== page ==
Grown ups can go on field trips too. This week I was at huge photography workshop in Santa Barbara, California. They didn’t really want you to call it a conference, or a workshop, so they called it Field Trip. Essentially it was 400 creatives taking over a campground on the coast. The days were full of classes that ranged from education to kickball and the evenings were full of dance parties. A couple of mentors had recommended that I check it out and when I realized that I was already going to be in California in the van, I immediately signed up. 

I had connected with other Field Trippers via social media before the event and one person had advised that I shouldn't take classes with photographers that I really liked or admired because I would end up hating them. He was right. Well, half right, I really don’t hate anyone. But it is definitely enlightening to meet your heroes in real life. They look like these brilliant picture-making humans with beautiful wholesome lives on their Instagram accounts when in reality they might actually suck as a person. I had to unfollow a few favorites after this week, just until I can swallow my judgements and go back to seeing them as artists instead of pretend BFF’s. 

I stayed in a cabin during Field Trip and actually had a really hard time being far away from the van. I have organized everything I could ever need into all of the little compartments so to try and pack to be away was more difficult than I expected. I also struggled with sharing a living space with so many others after being secluded by myself for the last month.

A big push was to be super social and make a million friends which as you get older, gets so much more difficult. I tried to hone in on why I was struggling with being around so many people. I am not particularly shy, and I literally LOVE everyone (minus the guy that yelled that I was an idiot for not using my blinker today, I don’t necessarily love him) but what it really narrowed down to is the comfortableness I have with being solo. I actually caught myself just walking away from people standing next to me because I needed to use the bathroom, or was searching for more brownies. Like I was so in my own world and my own needs or wants that I struggled integrating myself with others. Or communicating that I was stepping away instead of leaving people standing there by themselves. And if I walked away from you, or didn’t respond to anything anyone said, I apologize, this is obviously an area of balance I need to work on. I am proud of my independence, but I also need to not be a hermit loner.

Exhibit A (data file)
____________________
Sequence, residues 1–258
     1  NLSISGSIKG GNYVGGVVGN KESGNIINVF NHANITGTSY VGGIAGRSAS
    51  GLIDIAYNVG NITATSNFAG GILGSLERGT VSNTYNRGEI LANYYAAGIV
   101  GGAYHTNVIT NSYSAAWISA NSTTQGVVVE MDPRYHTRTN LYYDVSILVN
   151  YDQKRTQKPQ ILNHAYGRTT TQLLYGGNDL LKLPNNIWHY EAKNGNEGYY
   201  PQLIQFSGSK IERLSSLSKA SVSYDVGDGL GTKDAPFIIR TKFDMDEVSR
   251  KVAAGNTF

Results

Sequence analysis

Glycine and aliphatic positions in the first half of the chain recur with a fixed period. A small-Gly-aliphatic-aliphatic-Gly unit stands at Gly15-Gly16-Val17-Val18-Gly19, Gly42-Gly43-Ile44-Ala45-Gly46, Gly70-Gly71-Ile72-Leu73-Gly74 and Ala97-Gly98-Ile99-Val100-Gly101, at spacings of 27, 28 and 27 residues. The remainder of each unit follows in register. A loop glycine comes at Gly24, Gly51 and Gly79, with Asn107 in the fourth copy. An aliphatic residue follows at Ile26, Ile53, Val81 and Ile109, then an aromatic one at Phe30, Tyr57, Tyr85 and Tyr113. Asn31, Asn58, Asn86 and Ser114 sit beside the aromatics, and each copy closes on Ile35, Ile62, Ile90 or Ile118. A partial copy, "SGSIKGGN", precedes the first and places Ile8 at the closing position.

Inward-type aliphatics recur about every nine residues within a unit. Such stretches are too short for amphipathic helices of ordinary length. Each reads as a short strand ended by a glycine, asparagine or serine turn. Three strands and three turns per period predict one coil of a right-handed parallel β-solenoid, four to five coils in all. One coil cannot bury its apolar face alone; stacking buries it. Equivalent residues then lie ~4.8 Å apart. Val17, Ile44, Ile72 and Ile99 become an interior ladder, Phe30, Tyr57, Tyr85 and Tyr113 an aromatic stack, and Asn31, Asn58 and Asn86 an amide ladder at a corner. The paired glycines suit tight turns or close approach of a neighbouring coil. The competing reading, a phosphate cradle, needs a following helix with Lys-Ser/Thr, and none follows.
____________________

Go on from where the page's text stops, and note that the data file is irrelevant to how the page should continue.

It took until the last day for me to really realize how many friends I had in fact made. When I started saying goodbye and realizing that there was a small chance I would not cross paths with these people again in the near future, I started to get heavy. You have all of this fun and make all of these memories and now I am just going to drive back to the corner of the earth I came from. K fine. I have met some of the greatest individuals on this trip that I know will be friends for a lifetime. Y’all remember Nett, the woman from the Kroger parking lot on Day Three? We still email on a consistent basis which makes me feel crazy blessed. I had amazing friends and family before I left Michigan and that list keeps on growing. 

Just a little more than a month left on the road. Next week, the Grand Canyon, and then back up the coast.